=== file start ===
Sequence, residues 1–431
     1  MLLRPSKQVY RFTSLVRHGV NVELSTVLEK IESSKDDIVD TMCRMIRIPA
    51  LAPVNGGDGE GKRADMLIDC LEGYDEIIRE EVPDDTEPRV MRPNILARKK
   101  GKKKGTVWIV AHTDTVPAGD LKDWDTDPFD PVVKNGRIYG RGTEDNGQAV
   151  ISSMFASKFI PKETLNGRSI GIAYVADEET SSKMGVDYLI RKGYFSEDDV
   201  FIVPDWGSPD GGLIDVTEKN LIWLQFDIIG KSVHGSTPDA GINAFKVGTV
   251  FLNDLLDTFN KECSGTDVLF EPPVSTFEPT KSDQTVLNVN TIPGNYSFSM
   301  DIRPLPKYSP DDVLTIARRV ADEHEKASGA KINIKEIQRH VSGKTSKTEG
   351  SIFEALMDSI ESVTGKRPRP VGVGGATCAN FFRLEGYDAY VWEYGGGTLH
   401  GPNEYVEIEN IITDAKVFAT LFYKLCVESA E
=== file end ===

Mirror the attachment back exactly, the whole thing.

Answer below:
Sequence, residues 1–431
     1  MLLRPSKQVY RFTSLVRHGV NVELSTVLEK IESSKDDIVD TMCRMIRIPA
    51  LAPVNGGDGE GKRADMLIDC LEGYDEIIRE EVPDDTEPRV MRPNILARKK
   101  GKKKGTVWIV AHTDTVPAGD LKDWDTDPFD PVVKNGRIYG RGTEDNGQAV
   151  ISSMFASKFI PKETLNGRSI GIAYVADEET SSKMGVDYLI RKGYFSEDDV
   201  FIVPDWGSPD GGLIDVTEKN LIWLQFDIIG KSVHGSTPDA GINAFKVGTV
   251  FLNDLLDTFN KECSGTDVLF EPPVSTFEPT KSDQTVLNVN TIPGNYSFSM
   301  DIRPLPKYSP DDVLTIARRV ADEHEKASGA KINIKEIQRH VSGKTSKTEG
   351  SIFEALMDSI ESVTGKRPRP VGVGGATCAN FFRLEGYDAY VWEYGGGTLH
   401  GPNEYVEIEN IITDAKVFAT LFYKLCVESA E